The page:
Virunga National Park in the Democratic Republic of Congo
The Virunga National Park is a 3,000 square miles (7,800 square kilometre) National Park that stretches right from the Virunga Mountains in the South, to Rwenzori Mountains in the North, in the eastern Democratic Republic of the Congo and borders the Volcanoes National Park in Rwanda and Queen Elizabeth National Park and Rwenzori Mountains National Park in Uganda. Virunga Park also known in French as Parc National des Virunga was formerly named as Albert National Park.
Virunga was set up in 1925 as the first national park in Africa and is a UNESCO-labeled World Heritage Site from 1979. Of recent, poaching and the Civil War in DR Congo have extremely spoiled its flora and fauna species. The park is run and managed by the Congolese National Park Authorities, Institut Congolais pour la Conservation de la Nature (ICCN) plus its partner the Virunga Foundation, previously branded as the Africa Conservation Fund (UK).
The park was established by King Albert I of Belgium in 1925 as the first national park on Africa. It was initiated mainly to safeguard the mountain gorillas in the Virunga Mountains forests controlled by the Belgian Congo and later extended north to include Rwindi Plains, Lake Edward plus the Rwenzori Mountains in the far-flung north.
The park boundary took shape in the first 35 years, poaching was contained to a least possible as sustainable tourism flourished as a result of work of several hand-picked Congolese dedicated wardens and park rangers. When Congo got independent in 1960, the new state worsened swiftly, as well as the park. In 1969, President Joseph Mobutu took individual interest in wildlife conservation and the park was rejuvenated. During Mobutu’s Africanization crusade, the park was named Virunga National Park a first Congolese Wildlife Authority was set up.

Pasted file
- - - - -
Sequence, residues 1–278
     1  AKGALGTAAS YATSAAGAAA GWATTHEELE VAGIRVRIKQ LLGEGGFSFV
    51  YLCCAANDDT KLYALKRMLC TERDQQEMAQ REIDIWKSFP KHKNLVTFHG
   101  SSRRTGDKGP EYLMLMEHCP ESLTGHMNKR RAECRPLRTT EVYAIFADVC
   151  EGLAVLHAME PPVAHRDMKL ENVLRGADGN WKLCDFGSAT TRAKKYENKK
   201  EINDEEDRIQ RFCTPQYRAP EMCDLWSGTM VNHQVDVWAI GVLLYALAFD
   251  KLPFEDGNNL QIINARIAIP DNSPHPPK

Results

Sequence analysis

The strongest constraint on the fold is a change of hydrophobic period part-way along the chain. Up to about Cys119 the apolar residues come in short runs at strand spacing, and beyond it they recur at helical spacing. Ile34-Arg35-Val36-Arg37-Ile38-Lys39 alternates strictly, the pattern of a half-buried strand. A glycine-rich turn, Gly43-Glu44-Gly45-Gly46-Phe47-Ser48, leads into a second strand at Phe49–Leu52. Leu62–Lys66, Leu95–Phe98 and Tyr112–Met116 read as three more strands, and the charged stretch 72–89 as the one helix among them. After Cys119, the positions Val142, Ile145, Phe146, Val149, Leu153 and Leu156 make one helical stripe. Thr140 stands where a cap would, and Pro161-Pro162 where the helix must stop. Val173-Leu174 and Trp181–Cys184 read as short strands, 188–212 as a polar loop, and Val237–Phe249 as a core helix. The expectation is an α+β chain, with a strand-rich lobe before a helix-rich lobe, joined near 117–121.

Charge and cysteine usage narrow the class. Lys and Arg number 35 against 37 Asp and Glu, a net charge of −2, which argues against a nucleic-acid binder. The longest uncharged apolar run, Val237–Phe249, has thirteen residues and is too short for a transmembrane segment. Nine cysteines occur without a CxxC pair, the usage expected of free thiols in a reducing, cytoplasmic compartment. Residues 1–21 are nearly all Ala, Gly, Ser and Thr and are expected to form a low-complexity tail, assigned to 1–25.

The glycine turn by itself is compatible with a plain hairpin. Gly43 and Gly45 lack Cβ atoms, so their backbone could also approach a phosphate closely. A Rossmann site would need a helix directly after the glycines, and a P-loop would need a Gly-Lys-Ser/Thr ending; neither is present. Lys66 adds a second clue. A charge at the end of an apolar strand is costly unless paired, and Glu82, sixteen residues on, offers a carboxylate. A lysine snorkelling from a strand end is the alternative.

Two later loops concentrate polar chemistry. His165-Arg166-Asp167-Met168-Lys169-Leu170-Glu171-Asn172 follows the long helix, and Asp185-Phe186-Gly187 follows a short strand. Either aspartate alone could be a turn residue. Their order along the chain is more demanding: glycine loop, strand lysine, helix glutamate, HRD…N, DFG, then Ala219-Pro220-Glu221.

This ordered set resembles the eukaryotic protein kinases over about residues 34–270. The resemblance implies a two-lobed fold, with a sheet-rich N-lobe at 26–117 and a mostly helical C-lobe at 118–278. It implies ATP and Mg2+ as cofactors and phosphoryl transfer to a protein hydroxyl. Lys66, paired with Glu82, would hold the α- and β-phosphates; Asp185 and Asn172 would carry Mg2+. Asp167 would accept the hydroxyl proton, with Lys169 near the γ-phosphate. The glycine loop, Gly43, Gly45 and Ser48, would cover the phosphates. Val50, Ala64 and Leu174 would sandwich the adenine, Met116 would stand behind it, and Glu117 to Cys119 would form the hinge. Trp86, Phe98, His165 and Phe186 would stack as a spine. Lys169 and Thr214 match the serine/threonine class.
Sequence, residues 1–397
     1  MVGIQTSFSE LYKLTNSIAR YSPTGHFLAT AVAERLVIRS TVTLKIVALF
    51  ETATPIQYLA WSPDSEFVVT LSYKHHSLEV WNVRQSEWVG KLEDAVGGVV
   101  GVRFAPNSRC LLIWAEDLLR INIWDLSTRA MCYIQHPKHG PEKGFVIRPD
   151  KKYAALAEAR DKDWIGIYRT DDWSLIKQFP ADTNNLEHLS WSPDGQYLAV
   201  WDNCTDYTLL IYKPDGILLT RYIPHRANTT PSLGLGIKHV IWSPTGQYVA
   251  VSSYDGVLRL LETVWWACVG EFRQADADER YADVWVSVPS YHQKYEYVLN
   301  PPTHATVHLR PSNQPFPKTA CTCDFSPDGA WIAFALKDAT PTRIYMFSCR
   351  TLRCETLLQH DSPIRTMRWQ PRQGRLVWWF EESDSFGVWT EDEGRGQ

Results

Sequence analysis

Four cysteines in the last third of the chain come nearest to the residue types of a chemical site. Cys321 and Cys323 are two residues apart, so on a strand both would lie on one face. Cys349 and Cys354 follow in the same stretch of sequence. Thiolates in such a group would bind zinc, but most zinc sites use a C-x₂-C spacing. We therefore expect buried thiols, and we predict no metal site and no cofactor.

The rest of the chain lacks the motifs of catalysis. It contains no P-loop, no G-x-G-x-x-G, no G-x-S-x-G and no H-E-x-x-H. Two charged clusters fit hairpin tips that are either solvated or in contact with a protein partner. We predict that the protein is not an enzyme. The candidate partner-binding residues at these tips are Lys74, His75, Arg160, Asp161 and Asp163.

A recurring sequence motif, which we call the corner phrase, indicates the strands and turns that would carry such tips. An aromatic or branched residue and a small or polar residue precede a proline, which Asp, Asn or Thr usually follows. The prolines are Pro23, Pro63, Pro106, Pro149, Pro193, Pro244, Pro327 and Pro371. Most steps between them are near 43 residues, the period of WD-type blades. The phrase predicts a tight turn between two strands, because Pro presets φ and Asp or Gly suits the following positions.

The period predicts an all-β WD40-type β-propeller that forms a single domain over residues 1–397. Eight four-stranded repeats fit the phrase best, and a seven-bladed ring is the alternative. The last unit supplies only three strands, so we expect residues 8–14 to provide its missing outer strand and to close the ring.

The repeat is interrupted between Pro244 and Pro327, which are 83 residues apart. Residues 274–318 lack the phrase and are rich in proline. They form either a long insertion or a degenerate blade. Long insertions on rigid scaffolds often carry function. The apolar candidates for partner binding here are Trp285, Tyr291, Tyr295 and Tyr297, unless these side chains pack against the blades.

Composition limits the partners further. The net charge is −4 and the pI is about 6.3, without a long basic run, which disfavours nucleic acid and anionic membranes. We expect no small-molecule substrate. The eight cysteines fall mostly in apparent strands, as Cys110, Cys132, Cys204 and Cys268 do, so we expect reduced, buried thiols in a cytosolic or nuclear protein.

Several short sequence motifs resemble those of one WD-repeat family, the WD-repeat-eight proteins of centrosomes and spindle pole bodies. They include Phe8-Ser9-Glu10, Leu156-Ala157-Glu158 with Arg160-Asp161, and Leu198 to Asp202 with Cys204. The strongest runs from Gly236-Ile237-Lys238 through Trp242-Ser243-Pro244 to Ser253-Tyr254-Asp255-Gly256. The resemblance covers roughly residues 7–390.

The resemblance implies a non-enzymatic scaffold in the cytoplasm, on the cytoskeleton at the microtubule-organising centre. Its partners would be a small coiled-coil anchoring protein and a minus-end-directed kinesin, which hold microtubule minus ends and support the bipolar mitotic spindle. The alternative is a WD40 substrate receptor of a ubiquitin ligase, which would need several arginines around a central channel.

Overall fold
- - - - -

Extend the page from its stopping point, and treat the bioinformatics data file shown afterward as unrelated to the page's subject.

By that time, foreign ventures aided to improve Virunga’s infrastructure as well as training facilities, and it became a popular tourists’ destination with an average of 6500 tourists annually.
In the year 1979, UNESCO designated Virunga National Park, a World Heritage Site. In the years of 1980’s when Congo started experiencing security challenges, the park suffered appallingly as poaching exhausted its large mammal inhabitants; infrastructures were devastated as many rangers were murdered. During this period, the Congolese Wildlife Authority bit by bit lost control of the park prompting UNESCO to change the status of being a World Heritage Site to an ‘Endangered’ site.
The World Wildlife Fund in 2013 brought concerns about plans by a UK-based company, Soco International to do oil exploration in the park. At present, over 80% of the park has been apportioned into oil concessions.
The Geography of the Park
Virunga National Park is unrivaled in its diversity of landscapes and ecosystems. The park is well-known for its extraordinary biological variety with more bird, reptile and mammal species compared to any protected area on the continent of Africa. Even though Mountain Gorillas are tremendously rare currently and recorded as among the most disparagingly endangered species, fruitful conservation efforts have managed to secure and conserve the remaining numbers. For over two decades of unrest, the gorilla populations essentially increased and have continuously surged up to the present day. The Mountain Gorilla census done 2010 indicated that the conservation approaches by the Virunga have been positive concerning the mountain Gorilla population.
On the other hand, forest and Savanna elephants, chimpanzees plus low land gorillas are still available in the Virunga. Other animal species include giraffes, Okapi, buffaloes and countless prevalent birds.